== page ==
7. Do I have excellent academic grades (at least a 2:1 degree)?
8. Do I want to work on a case from start to finish, from taking initial instructions from a client through to potentially attending court with them at the end of the case?
9. Do I enjoy drafting documents?
10. Do I wish to work in an employed capacity?
11. Would I prefer to avoid speaking in court?
12. Do I want to establish long term relationships with clients who return to me with their legal matters?
13. Would I enjoy being based in an office for much of my work?
14. Would I prefer to try to apply to the side of the profession with slightly less competition for training places and where the occasional lower grade is more likely to be forgiven?
If you answered YES to most of questions 1 to 7 above you may wish to consider a career as a barrister.
If you answered YES to most of questions 8 to 14 above you may wish to consider a career as a solicitor.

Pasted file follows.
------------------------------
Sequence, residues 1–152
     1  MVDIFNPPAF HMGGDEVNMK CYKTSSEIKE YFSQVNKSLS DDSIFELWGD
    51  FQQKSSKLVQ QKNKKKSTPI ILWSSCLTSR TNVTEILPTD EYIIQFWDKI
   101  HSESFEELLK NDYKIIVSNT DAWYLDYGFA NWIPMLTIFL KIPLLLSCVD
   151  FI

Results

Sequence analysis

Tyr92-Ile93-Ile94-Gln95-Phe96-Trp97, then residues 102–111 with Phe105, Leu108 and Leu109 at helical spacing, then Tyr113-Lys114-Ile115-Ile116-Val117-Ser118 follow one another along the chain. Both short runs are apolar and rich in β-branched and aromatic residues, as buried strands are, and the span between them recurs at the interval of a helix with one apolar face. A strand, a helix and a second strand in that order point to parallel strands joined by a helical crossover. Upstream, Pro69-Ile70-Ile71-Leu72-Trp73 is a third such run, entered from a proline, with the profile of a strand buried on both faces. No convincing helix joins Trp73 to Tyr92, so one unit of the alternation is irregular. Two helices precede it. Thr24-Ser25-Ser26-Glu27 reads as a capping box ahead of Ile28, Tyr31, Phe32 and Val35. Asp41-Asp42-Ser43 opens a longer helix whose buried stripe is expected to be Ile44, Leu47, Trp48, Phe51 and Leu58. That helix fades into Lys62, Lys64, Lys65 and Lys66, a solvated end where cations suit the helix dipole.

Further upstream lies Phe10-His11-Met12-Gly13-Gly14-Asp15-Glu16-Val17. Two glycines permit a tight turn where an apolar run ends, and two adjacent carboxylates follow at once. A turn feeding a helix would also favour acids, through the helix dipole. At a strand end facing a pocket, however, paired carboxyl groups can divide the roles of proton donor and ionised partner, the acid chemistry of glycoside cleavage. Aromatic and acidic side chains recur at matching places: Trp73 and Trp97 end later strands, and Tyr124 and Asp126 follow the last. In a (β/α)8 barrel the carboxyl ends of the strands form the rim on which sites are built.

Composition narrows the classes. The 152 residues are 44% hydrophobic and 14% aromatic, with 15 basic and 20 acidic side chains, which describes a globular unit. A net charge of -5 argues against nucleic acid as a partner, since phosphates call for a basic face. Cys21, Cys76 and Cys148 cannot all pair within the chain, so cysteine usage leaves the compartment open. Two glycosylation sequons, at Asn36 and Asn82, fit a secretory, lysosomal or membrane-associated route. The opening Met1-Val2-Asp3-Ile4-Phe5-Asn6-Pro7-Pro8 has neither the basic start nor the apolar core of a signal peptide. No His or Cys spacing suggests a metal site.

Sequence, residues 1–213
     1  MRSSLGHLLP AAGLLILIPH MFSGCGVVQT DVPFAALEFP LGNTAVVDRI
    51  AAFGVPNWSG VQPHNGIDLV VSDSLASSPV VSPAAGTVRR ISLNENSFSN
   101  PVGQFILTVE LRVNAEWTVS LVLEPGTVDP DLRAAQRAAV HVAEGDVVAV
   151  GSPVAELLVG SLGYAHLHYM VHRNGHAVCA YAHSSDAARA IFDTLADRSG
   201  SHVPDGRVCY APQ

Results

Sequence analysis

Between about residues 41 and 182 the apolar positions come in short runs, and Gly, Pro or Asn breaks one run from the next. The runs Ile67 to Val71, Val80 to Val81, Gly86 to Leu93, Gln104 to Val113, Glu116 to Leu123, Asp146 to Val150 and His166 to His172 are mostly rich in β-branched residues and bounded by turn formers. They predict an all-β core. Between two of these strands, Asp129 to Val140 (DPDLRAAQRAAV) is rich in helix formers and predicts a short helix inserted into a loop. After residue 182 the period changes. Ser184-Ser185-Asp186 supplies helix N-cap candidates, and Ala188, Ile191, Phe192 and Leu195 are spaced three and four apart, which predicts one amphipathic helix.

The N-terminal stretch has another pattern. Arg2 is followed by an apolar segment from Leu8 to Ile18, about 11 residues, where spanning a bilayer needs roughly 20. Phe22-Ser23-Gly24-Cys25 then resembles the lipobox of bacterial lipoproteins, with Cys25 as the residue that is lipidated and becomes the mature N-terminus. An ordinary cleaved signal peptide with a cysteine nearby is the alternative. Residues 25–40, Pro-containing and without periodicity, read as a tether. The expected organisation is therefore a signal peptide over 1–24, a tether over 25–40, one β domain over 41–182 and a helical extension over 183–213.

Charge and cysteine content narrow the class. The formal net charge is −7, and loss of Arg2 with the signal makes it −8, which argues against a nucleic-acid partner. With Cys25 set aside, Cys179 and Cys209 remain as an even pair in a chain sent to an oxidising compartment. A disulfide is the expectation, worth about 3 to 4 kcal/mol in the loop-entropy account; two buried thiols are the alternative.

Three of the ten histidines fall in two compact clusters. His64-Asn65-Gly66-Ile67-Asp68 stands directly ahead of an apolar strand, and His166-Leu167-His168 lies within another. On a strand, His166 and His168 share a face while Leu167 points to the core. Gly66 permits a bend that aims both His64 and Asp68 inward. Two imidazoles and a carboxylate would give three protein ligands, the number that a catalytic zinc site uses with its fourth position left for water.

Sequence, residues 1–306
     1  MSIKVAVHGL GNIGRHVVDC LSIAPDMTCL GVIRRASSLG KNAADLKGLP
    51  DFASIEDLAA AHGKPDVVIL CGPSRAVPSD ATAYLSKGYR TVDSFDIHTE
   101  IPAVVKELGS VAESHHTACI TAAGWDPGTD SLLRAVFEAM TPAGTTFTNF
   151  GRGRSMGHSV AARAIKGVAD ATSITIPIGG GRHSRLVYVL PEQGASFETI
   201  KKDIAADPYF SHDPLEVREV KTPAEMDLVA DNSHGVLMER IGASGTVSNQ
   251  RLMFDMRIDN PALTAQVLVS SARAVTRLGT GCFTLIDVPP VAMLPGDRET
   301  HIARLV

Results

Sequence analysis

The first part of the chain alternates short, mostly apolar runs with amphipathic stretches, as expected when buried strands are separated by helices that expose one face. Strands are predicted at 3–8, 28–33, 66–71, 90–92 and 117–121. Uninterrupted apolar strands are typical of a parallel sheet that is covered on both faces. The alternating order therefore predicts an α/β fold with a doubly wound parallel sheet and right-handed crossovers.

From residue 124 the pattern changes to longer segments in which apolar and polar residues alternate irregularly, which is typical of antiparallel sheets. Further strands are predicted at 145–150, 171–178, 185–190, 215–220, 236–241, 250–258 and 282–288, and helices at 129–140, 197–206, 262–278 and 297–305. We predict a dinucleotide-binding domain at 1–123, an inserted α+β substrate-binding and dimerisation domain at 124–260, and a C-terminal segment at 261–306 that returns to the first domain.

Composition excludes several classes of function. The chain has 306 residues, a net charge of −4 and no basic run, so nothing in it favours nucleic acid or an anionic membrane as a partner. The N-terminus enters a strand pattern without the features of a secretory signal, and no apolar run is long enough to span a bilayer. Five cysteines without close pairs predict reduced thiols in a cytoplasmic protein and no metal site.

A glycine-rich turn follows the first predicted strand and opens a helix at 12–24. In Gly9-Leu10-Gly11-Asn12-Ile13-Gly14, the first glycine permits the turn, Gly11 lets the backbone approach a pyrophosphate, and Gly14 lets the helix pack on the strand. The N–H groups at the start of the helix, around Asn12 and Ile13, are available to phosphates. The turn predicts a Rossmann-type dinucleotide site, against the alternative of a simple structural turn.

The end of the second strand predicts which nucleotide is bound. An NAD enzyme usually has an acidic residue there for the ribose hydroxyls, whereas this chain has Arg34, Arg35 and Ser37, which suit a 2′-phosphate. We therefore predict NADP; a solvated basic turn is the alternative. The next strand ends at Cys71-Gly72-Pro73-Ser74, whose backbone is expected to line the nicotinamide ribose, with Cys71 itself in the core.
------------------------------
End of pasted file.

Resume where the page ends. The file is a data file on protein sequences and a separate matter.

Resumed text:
Frequently Asked Questions
I don't know what legal sector I want to work in. I'm about to start studying, does that matter?
No, many students join us with no particular sector or practice area in mind.
However, if you think you may want to apply to large corporate or commercial, City and regional firms, be aware that the deadlines are usually in July and they recruit 2 years ahead. We advise you to apply early so that you don’t miss the deadline and have to wait another year.
Often the process of making applications, researching employers and understanding your skillset, helps you decide. Knowing which type of firms you’re interested in helps you build up your CV and experience in areas that are most likely to impress your future employer.
Start by working through the first 5 StEPs of this programme to clarify the size, location and kind of client you want to work with, as well as what motivates you. Our experienced career consultants can also help you decide.
Where can I find training opportunities?